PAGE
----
Deirdre Saravia

Cultural Content Producer

Deirdre as born in Belfast, Northern Ireland, and her first paid work was at the age of 10 with the BBC as an actress on "Children's Hour." She continued to perform regularly on radio and stage for the next eight years, at which point she was informed by her parents that theater was not an option and she needed "real" work.

So Deirdre left the flashy life of entertainment and trained as a registered nurse in Ireland, continuing to London. Her nursing experiences allowed her to travel and work abroad in Europe and Africa, and while working in London for British Petroleum, she met her husband, Dr. Jorge Saravia. They moved to Mexico City where she managed his private practice while learning Spanish.

During her time in Mexico City, she worked as an extra on the movie "Lucky Lady," starring Gene Hackman, Liza Minelli and Burt Reynolds. You can see her fox-trotting in a night club scene, but you have to watch very closely.

After the Saravia family moved to San Antonio, Deirdre volunteered at KRTU 91.7 FM and hosted a World Music program while continuing to work in nursing at Santa Rosa Children's Hospital and University hospital.

Deirdre joined TPR serendipitously, when one evening Thistle and Shamrock failed to air on KSTX. Having just produced an Irish music show for KRTU, she quickly gathered her gear and substituted for Fiona Richie.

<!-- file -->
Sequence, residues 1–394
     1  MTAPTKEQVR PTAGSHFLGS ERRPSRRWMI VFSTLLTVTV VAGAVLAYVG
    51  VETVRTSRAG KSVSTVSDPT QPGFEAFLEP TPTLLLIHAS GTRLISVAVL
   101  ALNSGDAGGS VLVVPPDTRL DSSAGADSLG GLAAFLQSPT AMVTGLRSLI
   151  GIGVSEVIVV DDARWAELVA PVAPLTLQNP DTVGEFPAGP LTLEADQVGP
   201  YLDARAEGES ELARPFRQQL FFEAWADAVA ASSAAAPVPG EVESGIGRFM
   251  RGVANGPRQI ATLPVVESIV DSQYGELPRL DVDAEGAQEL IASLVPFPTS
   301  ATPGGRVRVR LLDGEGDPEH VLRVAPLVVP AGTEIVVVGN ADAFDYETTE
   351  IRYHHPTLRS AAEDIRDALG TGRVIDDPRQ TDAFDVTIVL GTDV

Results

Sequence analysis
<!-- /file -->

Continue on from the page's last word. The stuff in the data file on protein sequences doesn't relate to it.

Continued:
Deirdre produces World Music with Deirdre Saravia, which airs Saturday evenings at 8 p.m. on KSTX.

Ways to Connect

Duesi / Wikimedia Commons

The Vogel Gryff Festival, held in Switzerland, could be described as wishful thinking, because January 13th 2014, is most certainly, not remotely or positively anywhere near the end of winter! But since the 13th century, Swiss folk in Basel have enjoyed this fun event that aims to chase away the winter, and also mocks the city elite.

Monika Jakobowska

As the host of World Music on KSTX, I’m endlessly fascinated by songs in foreign languages and their performers. Though I frequently don’t understand the lyrics, liner notes are occasionally provided in English, or translations can be found on-line.

eandres / Wikimedia Commons

The largest and most impressive festival in southern Colombia begins on January 2, and lasts almost a week. Dating back to antiquity, the “Black and White Carnival” has adapted and expanded over the centuries. Initially, the local indigenous population, the agrarian Quillacingas, would dance and sing at the end of the harvest to appease and honor the pagan gods.

Wikimedia Commons

Each week on World Music (Saturday nights at 8:00 on KSTX), we not only hear great music, but I take a look at celebrations happening around the world this week...

LA NOCHE DE LOS RABANOS

Wikimedia Commons

Each week on World Music, we not only hear great sounds and songs from around the world, but I share a little news about the many interesting festivals that are taking place this week as well. Read on to learn about an one of Japan's most celebrated stories, "pole dancing" in Guatemala, and a controversial practice in India.

GISHI-SAI: The 47 Ronin

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